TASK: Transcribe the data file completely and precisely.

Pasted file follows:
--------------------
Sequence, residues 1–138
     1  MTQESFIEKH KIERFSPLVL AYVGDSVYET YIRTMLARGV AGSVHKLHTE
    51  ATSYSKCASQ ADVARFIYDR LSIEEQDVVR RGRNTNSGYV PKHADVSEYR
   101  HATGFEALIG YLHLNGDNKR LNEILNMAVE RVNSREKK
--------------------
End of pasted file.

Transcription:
Sequence, residues 1–138
     1  MTQESFIEKH KIERFSPLVL AYVGDSVYET YIRTMLARGV AGSVHKLHTE
    51  ATSYSKCASQ ADVARFIYDR LSIEEQDVVR RGRNTNSGYV PKHADVSEYR
   101  HATGFEALIG YLHLNGDNKR LNEILNMAVE RVNSREKK